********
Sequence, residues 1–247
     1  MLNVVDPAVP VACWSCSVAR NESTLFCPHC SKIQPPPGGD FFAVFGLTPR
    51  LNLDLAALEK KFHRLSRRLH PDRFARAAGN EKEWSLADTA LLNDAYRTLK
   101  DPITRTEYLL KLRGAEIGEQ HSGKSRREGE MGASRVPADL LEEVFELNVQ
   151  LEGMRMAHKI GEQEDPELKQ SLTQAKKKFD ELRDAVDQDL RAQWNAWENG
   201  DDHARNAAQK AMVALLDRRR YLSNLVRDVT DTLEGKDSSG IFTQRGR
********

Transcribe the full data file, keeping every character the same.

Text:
Sequence, residues 1–247
     1  MLNVVDPAVP VACWSCSVAR NESTLFCPHC SKIQPPPGGD FFAVFGLTPR
    51  LNLDLAALEK KFHRLSRRLH PDRFARAAGN EKEWSLADTA LLNDAYRTLK
   101  DPITRTEYLL KLRGAEIGEQ HSGKSRREGE MGASRVPADL LEEVFELNVQ
   151  LEGMRMAHKI GEQEDPELKQ SLTQAKKKFD ELRDAVDQDL RAQWNAWENG
   201  DDHARNAAQK AMVALLDRRR YLSNLVRDVT DTLEGKDSSG IFTQRGR